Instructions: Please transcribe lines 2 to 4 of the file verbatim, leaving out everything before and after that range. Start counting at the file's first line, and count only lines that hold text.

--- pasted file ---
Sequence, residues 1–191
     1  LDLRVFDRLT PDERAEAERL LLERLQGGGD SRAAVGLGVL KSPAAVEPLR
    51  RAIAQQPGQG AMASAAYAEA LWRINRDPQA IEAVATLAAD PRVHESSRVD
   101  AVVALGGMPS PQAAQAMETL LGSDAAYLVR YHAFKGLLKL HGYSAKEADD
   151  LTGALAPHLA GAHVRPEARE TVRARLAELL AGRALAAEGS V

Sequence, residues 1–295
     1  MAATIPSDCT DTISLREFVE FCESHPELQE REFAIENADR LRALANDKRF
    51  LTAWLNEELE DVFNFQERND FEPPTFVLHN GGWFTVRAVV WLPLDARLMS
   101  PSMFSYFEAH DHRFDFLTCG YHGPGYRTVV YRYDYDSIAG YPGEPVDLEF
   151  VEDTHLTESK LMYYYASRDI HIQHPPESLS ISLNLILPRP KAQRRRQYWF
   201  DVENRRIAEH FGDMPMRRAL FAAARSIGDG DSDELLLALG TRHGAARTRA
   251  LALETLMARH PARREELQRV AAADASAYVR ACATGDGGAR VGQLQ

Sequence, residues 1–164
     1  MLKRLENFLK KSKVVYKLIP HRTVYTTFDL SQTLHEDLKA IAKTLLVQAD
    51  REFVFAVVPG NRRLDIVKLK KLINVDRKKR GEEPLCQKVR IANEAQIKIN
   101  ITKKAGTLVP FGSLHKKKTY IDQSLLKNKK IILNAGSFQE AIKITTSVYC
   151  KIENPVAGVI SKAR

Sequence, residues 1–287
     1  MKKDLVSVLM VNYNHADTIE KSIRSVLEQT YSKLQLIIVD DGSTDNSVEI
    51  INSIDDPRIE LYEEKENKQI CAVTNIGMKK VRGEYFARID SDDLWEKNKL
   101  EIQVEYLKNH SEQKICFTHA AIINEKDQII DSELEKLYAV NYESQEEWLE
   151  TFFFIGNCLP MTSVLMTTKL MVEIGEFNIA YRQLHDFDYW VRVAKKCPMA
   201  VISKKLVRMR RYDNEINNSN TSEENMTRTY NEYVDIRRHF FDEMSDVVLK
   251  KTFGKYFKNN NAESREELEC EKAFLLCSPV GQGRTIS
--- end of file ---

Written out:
     1  LDLRVFDRLT PDERAEAERL LLERLQGGGD SRAAVGLGVL KSPAAVEPLR
    51  RAIAQQPGQG AMASAAYAEA LWRINRDPQA IEAVATLAAD PRVHESSRVD
   101  AVVALGGMPS PQAAQAMETL LGSDAAYLVR YHAFKGLLKL HGYSAKEADD